Comixology releases Delcourt comics via their Soleil imprint, featuring the finest creators and the best comics this side of the French publishing house. This week see’s a lot of diversity amongst the titles offered including The “Modern” Day, a look at one male’s sex life that is now burned into my memory. As we told you last week, you should be reading…here’s why;
Writer: François Bégaudeau
Translator: Edward Gauvin
Artist: Clément Oubrerie
Colorist: Clément Oubrerie
Thomas keeps trying to pick up women, but is summarily rejected.
He has not yet understood how feminism has changed the world; the women he meets are now quite direct and demanding, and his technique – whether it be in the street, in line at the movies, or pretending to do surveys – is utterly out of date. Little by little however, he begins approaching women with a bit more delicacy and decency, but he still finds himself in awkward, impossible situations…
Thomas, the protagonist of this title is hardly what the average woman would consider an “alpha male”…yet this story perceives Thomas as someone who does meet many beautiful women on a consistent basis. His self-esteem may be low, but Thomas is doing something right despite nearly everything in this story seemingly turning negative for the 20-something male. Translator Edward Gauvin has been working on translation materials for over a decade — he adapted a Blacksad novel previously. Clément Oubrerie’s illustrations perfectly depict the life of Thomas as he stumbles through France in search of a female muse. François Bégaudeau’s writing is so real that it hurts. As a newly turned 20-something who also doesn’t identify as an “alpha male” this comic book got deep underneath my skin.
Writer: Mathieu Missoffe
Translator: Edward Gauvin
Artist: Charlie Adlard
Colored: Aurore Folny
The Great War, July 1917. At an isolated stretch of the Front, French and German soldiers kill each other in an endless carnage…
The night air is rent by sentries’ screams. Everyone in the French camp thinks it’s a trap laid by the enemy, but soon they hear screams from the German lines… With both factions being hunted, they are obliged to declare an uneasy truce and send a team of men to solve the mystery. With them goes What, a Cree Warrior, one of the 12,000 Indians in the U.S. Army, and the only man who knows what’s waiting out there…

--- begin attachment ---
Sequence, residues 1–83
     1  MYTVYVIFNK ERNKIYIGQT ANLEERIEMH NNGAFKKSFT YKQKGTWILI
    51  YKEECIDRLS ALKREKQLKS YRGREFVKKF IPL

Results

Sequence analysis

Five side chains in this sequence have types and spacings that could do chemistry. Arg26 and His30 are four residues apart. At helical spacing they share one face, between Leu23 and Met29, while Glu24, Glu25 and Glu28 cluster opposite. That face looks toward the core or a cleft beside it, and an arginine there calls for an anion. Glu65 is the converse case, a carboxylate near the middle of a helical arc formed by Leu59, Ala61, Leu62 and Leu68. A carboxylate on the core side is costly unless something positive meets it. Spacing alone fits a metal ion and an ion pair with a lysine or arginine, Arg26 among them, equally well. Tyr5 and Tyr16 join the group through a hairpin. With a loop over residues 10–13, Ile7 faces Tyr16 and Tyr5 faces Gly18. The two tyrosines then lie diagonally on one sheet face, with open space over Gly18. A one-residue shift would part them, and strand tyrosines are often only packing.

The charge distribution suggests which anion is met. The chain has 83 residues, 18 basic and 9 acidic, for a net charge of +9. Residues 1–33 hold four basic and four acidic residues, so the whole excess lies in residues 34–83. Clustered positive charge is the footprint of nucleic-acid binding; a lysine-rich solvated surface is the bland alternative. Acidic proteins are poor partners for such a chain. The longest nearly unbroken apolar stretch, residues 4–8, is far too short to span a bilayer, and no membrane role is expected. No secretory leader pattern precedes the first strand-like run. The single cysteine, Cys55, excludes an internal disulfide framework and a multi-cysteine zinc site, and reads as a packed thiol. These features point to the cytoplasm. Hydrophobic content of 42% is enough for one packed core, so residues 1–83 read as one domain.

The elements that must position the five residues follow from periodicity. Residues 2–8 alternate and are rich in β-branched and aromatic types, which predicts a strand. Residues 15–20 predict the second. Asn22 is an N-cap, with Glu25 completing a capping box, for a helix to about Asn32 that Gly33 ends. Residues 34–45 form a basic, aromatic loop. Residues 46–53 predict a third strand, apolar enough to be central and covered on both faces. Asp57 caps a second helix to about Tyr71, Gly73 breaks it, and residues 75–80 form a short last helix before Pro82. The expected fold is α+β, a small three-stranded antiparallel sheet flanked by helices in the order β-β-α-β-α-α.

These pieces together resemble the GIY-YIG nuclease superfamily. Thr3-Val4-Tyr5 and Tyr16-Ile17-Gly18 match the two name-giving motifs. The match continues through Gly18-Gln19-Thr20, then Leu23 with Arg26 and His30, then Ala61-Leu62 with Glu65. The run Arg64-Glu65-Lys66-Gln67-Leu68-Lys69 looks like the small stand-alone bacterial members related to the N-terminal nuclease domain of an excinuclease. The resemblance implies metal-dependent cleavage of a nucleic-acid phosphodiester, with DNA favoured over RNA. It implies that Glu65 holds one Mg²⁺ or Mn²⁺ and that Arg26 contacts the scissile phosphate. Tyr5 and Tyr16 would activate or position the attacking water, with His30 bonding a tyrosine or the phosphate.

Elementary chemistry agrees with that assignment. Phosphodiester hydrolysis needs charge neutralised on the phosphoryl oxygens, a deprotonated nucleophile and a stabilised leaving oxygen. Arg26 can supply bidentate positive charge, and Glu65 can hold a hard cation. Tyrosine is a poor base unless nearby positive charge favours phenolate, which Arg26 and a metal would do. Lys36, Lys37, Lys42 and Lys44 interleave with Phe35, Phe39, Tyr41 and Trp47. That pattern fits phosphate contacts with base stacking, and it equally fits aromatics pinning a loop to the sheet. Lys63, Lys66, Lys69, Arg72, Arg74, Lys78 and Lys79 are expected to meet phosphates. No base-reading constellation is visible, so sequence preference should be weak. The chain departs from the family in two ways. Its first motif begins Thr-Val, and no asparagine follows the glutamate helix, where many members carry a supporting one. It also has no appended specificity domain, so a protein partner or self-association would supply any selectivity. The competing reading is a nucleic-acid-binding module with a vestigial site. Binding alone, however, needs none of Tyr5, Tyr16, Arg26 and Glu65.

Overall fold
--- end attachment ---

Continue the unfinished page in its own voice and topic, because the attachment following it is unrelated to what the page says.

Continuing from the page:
Nothing to see here. It’s not like there’s anything special about this comic…wait…is that Charlie Adlard? Never mind, this Delcourt series is about a Great War in something of an alternate history story. Walking Dead creator Adlard is on top of his game here, and seeing his artwork colored by Aurore Folny is thrilling. The palette utilized by Folny is reserved and able to subtly catching the great bits of the story. With author Mathieu Missoffe fresh off of a previous title with Corpus Hermeticum, Curse of the Wendigo looks to see an interesting use of the medium via the Soleil imprint at Comixology.
Writer: Christophe Bec
Translator: Edward Gauvin
Artist: Christophe Bec
Colorist: Sébastien Gérard
As the threat of Apocalypse hangs over the whole planet, it would seem that the future of Humanity has plunged into obscurity… presaging the worst for our civilization.
This is going to be a persistent issue in this column…especially as the words change intention between different languages, but this story is crammed with the aforementioned dialogue and word balloons. Promethee sets up an interesting setting and tense interactions between the different characters in the story, it is ultimately a light first issue that seems like it could definitely be heading towards a grand climax. Artist and writer Christophe Bec’s interiors remind me of Michael Gaydos’ work on Alias as the series features rigid linework and subtle shifts in movement between the various characters interacting with each other in the story. I think this could develop into something even better in exploring further installments of the issue.
Writer: Jean-Luc Sala
Translator: Christina Cox-De Ravel
Artist: Pierre-Mony Chan
A 2000 year-old secret could shatter the power of the Vatican if it came to be revealed. And some are ready to kill to know it…
To settle an old debt of honor, a Godfather in the Mafia puts his best killer at the disposal of Vatican. Angelo, a whiz kid with a gun, is hired by a powerful Cardinal, who’s overseeing the execution of the Church’s most discreet black-ops specialists and spies.
He will be the guardian angel of a young and beautiful investigator. Their mission will lead them to Jerusalem, in the Holy Land, and an ancient mystery.
Spin Angels has a highly original concept in how the piece explores the Vatican. A thriller with religious undertones is uncharted territory for the comics medium — especially one with art that is as expressive and stylized as this thanks to Pierre-Mony Chan. The comic is lighter fare even with the dramatic implications present within the writing of the story. This makes an interesting juxtaposition between the works of fiction present in writings such as The Manhattan Projects versus the pleasant art depicted in the story. Author Jean-Luc Sala and translator Christina Cox-De Ravel keep the narrative engaging, even if they do have a slight tendency to cram too many words in a panel.